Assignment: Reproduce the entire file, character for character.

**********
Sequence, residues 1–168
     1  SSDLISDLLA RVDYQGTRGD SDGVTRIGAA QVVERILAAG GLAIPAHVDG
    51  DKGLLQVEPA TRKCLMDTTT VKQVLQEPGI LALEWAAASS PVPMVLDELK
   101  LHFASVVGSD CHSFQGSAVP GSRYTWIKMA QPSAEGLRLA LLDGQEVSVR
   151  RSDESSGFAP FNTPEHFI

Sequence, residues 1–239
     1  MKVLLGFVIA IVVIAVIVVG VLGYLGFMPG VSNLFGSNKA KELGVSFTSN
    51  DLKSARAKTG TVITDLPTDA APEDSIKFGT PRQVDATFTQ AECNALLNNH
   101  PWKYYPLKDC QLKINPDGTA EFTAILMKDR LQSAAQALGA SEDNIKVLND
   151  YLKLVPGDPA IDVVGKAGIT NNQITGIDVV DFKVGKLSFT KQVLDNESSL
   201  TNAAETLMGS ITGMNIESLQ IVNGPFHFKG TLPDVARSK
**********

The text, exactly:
Sequence, residues 1–168
     1  SSDLISDLLA RVDYQGTRGD SDGVTRIGAA QVVERILAAG GLAIPAHVDG
    51  DKGLLQVEPA TRKCLMDTTT VKQVLQEPGI LALEWAAASS PVPMVLDELK
   101  LHFASVVGSD CHSFQGSAVP GSRYTWIKMA QPSAEGLRLA LLDGQEVSVR
   151  RSDESSGFAP FNTPEHFI

Sequence, residues 1–239
     1  MKVLLGFVIA IVVIAVIVVG VLGYLGFMPG VSNLFGSNKA KELGVSFTSN
    51  DLKSARAKTG TVITDLPTDA APEDSIKFGT PRQVDATFTQ AECNALLNNH
   101  PWKYYPLKDC QLKINPDGTA EFTAILMKDR LQSAAQALGA SEDNIKVLND
   151  YLKLVPGDPA IDVVGKAGIT NNQITGIDVV DFKVGKLSFT KQVLDNESSL
   201  TNAAETLMGS ITGMNIESLQ IVNGPFHFKG TLPDVARSK